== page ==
Wisdom in the Management of Money

One of the best books ever written on personal finance, in my opinion, is The Millionaire Next Door, by Dr. Thomas Stanley and Dr. William Danko. It was published more than 20 years ago, making its millionaire of the past worth around $2 million to $3 million today.

The book opens with an intriguing scenario:

These people cannot be millionaires! They don’t look like mil­lionaires, they don’t dress like millionaires, they don’t eat like millionaires, they don’t act like millionaires–they don’t even have millionaire names. Where are the millionaires who look like millionaires?

The person who said this was a vice president of a trust de­partment. He made these comments following a focus group interview and dinner that we hosted for 10 first-generation mil­lionaires. His view of millionaires is shared by most people who are not wealthy. They think millionaires own expensive clothes, watches and other status artifacts. We have found this not to be the case.

As a matter of fact, our trust officer friend spends signifi­cantly more for his suits than the typical American million­aire. He also wears a $5,000 watch. We know from our surveys that the majority of millionaires never spent even one-tenth of $5,000 for a watch. Our friend also drives a current-model im­ported luxury car. Most millionaires are not driving this year’s model. Only a minority drive a foreign motor vehicle. An even smaller minority drive foreign luxury cars. Our trust officer leases, while only a minority of millionaires ever lease their mo­tor vehicles.

But, ask the typical American adult this question: Who looks more like a millionaire? Would it be our friend, the trust offi­cer, or one of the people who participated in our interview? We would wager that most people by a wide margin would pick the trust officer. But, looks can be deceiving.

Drs. Stanley and Danko spent 20 years studying the lives of the af­fluent before they published their findings. They began by surveying those who lived in upscale neighborhoods throughout the country. Over time, they discovered many of the people who live in expen­sive homes and drive fancy cars do not have much wealth. Even so, many people who do have a great deal of wealth do not live in upscale neighborhoods.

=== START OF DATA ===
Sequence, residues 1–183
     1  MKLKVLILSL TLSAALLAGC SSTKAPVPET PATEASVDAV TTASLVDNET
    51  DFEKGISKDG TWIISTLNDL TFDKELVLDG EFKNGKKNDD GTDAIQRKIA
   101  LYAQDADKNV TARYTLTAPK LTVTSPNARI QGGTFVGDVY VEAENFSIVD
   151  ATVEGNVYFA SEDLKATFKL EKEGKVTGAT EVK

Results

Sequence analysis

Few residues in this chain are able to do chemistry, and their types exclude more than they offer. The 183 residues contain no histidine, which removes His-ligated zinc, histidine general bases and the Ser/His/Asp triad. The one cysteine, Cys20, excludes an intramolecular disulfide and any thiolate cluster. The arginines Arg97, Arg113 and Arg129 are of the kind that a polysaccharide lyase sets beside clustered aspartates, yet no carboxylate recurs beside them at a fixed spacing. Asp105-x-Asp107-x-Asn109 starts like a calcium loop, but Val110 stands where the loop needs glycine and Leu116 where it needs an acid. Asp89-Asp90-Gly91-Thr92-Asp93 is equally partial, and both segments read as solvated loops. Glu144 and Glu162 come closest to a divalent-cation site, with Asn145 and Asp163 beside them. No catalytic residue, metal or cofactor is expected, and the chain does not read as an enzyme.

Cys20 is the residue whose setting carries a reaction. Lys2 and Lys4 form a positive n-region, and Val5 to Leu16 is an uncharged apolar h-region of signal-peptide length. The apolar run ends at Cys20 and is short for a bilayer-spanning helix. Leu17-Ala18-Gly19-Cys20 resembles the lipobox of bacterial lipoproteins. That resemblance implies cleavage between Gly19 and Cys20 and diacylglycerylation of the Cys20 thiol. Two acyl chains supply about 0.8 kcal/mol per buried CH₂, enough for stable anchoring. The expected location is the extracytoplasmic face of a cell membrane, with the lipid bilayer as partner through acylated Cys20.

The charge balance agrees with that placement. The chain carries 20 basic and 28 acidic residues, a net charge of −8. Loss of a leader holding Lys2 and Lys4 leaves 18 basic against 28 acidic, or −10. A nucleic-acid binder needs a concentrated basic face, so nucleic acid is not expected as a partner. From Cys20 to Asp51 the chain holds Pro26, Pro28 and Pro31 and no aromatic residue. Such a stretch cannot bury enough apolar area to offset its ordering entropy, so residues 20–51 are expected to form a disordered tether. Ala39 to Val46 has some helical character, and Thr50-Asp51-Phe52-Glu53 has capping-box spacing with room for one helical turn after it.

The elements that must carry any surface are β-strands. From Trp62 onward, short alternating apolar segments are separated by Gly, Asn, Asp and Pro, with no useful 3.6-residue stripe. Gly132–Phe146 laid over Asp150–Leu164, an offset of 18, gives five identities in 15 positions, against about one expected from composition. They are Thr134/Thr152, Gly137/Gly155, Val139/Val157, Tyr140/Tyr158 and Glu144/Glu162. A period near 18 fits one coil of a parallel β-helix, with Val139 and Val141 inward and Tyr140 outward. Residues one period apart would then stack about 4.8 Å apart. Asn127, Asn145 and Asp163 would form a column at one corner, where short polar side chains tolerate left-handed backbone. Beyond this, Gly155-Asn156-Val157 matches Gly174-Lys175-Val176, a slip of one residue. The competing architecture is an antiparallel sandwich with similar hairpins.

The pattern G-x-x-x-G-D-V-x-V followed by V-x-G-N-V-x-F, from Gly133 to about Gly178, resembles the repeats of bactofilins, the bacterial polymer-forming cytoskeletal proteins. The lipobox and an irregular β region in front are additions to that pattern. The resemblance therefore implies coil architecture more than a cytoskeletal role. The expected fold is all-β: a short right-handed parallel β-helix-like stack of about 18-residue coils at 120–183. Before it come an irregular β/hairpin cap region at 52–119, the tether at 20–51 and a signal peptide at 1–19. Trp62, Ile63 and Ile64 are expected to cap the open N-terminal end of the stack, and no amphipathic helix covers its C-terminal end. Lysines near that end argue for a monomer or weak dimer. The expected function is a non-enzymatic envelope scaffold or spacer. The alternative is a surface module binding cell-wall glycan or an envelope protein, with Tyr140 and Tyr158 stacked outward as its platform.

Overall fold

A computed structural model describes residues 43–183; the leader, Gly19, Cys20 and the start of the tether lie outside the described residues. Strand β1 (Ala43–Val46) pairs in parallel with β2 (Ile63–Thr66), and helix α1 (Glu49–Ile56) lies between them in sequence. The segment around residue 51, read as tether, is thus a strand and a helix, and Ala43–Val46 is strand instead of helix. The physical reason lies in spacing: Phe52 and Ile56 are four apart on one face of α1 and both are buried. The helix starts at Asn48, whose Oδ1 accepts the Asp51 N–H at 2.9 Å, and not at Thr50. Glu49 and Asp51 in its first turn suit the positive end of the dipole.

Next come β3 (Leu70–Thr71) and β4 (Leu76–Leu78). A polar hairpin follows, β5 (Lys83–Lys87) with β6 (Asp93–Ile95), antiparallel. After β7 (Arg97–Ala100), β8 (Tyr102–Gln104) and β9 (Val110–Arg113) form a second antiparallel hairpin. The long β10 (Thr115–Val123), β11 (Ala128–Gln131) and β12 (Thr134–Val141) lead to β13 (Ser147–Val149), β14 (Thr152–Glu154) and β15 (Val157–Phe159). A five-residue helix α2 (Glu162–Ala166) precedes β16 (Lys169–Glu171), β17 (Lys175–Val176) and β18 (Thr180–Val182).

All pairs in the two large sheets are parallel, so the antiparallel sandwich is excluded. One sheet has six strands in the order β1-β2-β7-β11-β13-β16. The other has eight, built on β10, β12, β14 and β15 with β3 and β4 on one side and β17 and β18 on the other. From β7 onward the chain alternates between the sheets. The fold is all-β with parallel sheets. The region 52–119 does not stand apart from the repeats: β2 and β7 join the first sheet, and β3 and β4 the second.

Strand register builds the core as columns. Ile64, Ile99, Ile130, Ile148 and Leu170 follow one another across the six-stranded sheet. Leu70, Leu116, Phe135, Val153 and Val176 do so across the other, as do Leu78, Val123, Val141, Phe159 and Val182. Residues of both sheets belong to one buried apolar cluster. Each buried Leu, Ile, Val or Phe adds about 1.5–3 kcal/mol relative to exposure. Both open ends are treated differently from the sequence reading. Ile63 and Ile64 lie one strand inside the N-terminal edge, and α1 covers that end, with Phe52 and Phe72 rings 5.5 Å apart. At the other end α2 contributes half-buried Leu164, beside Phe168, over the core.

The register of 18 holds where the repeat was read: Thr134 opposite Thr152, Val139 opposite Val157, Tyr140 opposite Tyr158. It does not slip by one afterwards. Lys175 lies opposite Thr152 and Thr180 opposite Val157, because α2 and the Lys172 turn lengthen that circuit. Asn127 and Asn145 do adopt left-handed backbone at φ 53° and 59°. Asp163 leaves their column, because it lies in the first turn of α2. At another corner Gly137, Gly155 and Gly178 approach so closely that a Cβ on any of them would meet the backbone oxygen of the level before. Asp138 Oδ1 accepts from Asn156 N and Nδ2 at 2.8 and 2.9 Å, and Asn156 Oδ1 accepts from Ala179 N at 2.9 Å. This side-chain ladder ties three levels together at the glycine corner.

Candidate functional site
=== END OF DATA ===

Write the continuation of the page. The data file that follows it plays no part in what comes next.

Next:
The researchers recognized that people have allowed themselves to be deceived. They have it all wrong about building wealth, as having a big income is not the same as being wealthy. If a family has a large income, but spends it all every year, they are not building wealth. They are living lavishly. People can have a hard time understanding that wealth is what you accumulate, not what you spend.

The most perplexing question in my mind is, “How is it that so many people who make a great deal of money and live lavish lifestyles are flat broke?” They have little or no net worth other than maybe the equity in their homes. What would cause someone to live so foolishly and not make better decisions? Undoubtedly, just about everyone likes nice things and could enjoy a high-end lifestyle, but there is a deeper issue involved that you may not be aware of.

In 1899, economist Thorstein Veblen wrote the book, The Theory of the Leisure Class. Veblen coined a special term describing many upper-income Americans. This is when you buy something, not primarily for its usefulness, but for the way it makes you look in the eyes of others. Veblen shared the following message in 1899:

People above the line of base subsistence, in this age and all ear­lier ages, do not use the surplus, which society has given them, primarily for useful purposes. They do not seek to expand their own lives, to live more wisely, intelligently, understandingly, but to impress other people with the fact that they have a surplus… spending money, time and effort quite uselessly in the pleasur­able business of inflating the ego.

Though we may not realize it, there is a psychological fulfillment which comes from being envied by others. Veblen contended that it is possible to persuade people to buy products that are not particu­larly superior in quality by publicizing widely that the products are expensive.

This is how he came up with the term conspicuous consumption. People buy costly items, not because they are higher quality, but be­cause the possession displays to others how rich the owners are.

Veblen expresses that we often make purchases to make a statement to the world that we are wealthy. Furthermore, in this modern culture of easy credit, men and women accumulate enormous debt just to live lavishly and “keep up with the Joneses.”

It is amazing how we allow the opinions of others to influence the decisions we make and how we choose to live our lives. This illustrates how people with high incomes can become conspicuous consumers and have little to show for it at the end of the day.

Richard E Simmons III is the founder and Executive Director of The Center for Executive Leadership and a best-selling author.


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